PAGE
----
Companies doing business outside of the United States (and that includes most companies these days) much make it their highest priority to conduct their business world-wide in compliance with the laws of the United States and of the foreign countries in which you do business. You should expect your employees, agents and business partners to do the same.
What exactly is the Foreign Corrupt Practices Act?
The Foreign Corrupt Practices Act (“FCPA”) prohibits any U.S. company or person from paying bribes, or offering or authorizing payment of anything of value to a foreign government official, political party official or candidate in order to:
- Influence any official act of that official;
- Induce any official to act or omit to act in violation of his or her lawful duty; and
- Induce such official to use his or her influence with a foreign government to affect or influence any act of the government in order to obtain or retain business for the payor.
“U.S. Company or person” is defined under the law very broadly and would include any individual, firm, officer, director, employee, or agent of your company and includes foreign subsidiaries or related companies. Individuals and companies may also be penalized if they order, authorize, or assist someone else to violate the anti-bribery provisions of the law or if they conspire to violate those provisions.
What does all this mean?
It means that you cannot condone payments of bribes, “grease” money, facilitating payments, commissions, finder’s fees or gifts to any foreign government officials in order to get business in foreign countries. Therefore, if you are working on a project that involves a contract with a foreign country or a foreign government-owned company, you cannot participate in any scheme to bribe a foreign government official in order to get or keep the business. Furthermore, using a third-party intermediary (“Consultant”) will not protect you or your company if the Consultant bribes the government official.
Frequently Asked Questions
Q: Can we use an independent contractor, Consultant, or other agent in the foreign country to help us get business from a foreign government?
A: Yes. US companies commonly uses foreign agents to assist to get contracts in foreign countries. Often, they are the people who have contacts in the government agencies that will be making decisions related to the award of contracts.
Analysis: There is nothing wrong with using a Consultant who knows people in the government or who understands the decision-making process in the government agency to assist you to bid on business contracts in a foreign country. Payment of appropriate consulting fees to these Consultants is not a violation of the FCPA.
BUT payment of a consulting fee to a Consultant that you know or should reasonably know will be used as a bribe to a government official is a violation of the FCPA and is not allowed. The FCPA applies to any individual, company, officer, director, employee, or agent of a company and any stockholder acting on behalf of the company. Individuals and companies may also be penalized if they order, authorize or assist someone else to violate the anti-bribery provisions or if they conspire to violate those provisions.
Using a Consultant will not insulate you from liability under the FCPA if that Consultant pays a bribe to a foreign government official. The Consultant must be legitimate, must perform services in exchange for the compensation paid him or her and must agree in writing that he or she will not bribe government officials in violation of the FCPA.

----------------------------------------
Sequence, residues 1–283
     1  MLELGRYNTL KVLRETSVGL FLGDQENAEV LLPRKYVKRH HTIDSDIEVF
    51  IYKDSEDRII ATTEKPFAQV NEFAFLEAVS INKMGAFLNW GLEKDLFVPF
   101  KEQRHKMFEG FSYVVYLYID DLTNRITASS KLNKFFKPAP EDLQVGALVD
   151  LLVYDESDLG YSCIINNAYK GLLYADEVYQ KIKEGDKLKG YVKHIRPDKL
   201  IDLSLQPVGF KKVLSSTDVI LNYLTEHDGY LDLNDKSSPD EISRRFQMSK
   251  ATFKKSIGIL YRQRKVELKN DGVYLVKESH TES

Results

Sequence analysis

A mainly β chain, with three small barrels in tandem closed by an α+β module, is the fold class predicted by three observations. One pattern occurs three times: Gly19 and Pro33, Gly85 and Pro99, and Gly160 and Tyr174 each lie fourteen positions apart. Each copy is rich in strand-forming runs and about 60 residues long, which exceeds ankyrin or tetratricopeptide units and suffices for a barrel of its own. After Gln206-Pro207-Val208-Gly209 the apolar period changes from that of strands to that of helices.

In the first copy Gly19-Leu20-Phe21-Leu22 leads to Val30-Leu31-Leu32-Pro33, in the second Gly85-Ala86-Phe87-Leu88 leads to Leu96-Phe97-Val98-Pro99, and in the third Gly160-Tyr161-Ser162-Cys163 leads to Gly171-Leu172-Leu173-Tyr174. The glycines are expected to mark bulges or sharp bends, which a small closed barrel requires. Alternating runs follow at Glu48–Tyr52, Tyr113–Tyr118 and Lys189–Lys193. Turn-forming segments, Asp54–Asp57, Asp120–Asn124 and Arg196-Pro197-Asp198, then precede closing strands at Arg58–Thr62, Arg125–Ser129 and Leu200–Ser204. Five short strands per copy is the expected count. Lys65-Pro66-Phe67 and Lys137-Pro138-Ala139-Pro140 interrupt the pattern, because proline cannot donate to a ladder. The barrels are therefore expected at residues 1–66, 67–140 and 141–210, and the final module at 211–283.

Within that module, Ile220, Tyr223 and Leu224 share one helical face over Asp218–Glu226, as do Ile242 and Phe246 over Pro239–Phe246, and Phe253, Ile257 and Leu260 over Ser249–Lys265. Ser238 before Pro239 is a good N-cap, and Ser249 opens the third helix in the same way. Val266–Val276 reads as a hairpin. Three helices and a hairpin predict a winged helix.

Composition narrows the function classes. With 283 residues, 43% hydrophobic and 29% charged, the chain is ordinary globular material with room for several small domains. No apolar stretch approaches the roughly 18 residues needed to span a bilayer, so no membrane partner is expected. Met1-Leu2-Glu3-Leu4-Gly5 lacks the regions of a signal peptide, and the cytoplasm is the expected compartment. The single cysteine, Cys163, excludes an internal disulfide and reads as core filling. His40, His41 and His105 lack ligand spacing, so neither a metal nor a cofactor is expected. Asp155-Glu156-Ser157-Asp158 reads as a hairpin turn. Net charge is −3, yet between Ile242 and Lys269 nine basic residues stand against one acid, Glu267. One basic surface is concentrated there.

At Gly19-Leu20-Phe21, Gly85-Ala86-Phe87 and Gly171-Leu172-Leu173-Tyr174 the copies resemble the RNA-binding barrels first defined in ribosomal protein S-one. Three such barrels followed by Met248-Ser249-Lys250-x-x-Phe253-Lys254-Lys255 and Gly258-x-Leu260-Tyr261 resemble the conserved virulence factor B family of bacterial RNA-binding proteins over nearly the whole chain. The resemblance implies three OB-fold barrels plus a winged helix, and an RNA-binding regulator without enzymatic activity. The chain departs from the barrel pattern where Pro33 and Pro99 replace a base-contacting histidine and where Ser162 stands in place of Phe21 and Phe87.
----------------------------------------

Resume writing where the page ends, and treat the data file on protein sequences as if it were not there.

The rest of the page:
- Requests for payment to a third party rather than the intermediary.
- Requests for payment in cash.
- Requests for unusually large commissions or other payments that appear excessive in relation to the service rendered.
- Requests for reimbursement of expenses that are poorly documented.
Q: How can I determine if a Consultant or local agent that we are considering hiring is legitimate?
A: First, you need to check the name of the Consultant and the Consultant’s company against the lists of people with whom US companies may not do business. These lists are maintained on the U.S. Department of Commerce website.
When you are considering hiring any consultant or company in a foreign country to work for your company, you must check the lists of denied persons and entities and debarred persons etc. that are listed on the Department of Commerce website above. If the person or company you are talking to shows up on any of the lists, then you cannot use them. If the Consultant has partners or other business partners with an ownership interest in his business, you should check their names against the list.
Second, once you have cleared the Consultant or third-party intermediary on the Commerce lists, then you need to do some due diligence to collect information about that person or company. Ideally the consultant will have an established business entity through which he or she does business in the country where you are working or are bidding on a contract. The longer the business has been established, the better.
Third, you must have a written contract for the consulting services that will be rendered for your company by the Consultant. This contract must contain a provision that the Consultant will abide by the Foreign Corrupt Practices Act, i.e. the Consultant must agree in writing that Consultant will not bribe any government officials or do anything else that is illegal when representing your company. Having this language in the contract will not protect your company from an FCPA violation, especially if any of your personnel are aware that the Consultant intended to bribe a government official, but the clause in the contract will serve as some protection from liability for an FCPA violation because it shows that you attempted to obtain compliance from the Contractor.
Q: Can we pay a finder’s fee to a Consultant or third-party intermediary?
A: Yes. Reasonable finder’s fees can be paid to foreign agents or Consultants who assist in locating business for your company. As with Consultants, such “Finders” must be vetted by checking their names against the U.S. Department of Commerce lists of people with whom U.S. companies may not do business. A written contract describing the finder’s fee arrangement is required and the finder must agree in writing that he will not bribe any foreign officials and will comply with the FCPA.
In many countries, utility, oil, and communication companies to name a few, are owned by the government. Therefore, employees of these companies will be considered to be foreign government officials for FCPA purposes.
Q: What do we do if, for example, the only way we can get our equipment released from customs in a foreign country is to grease a palm?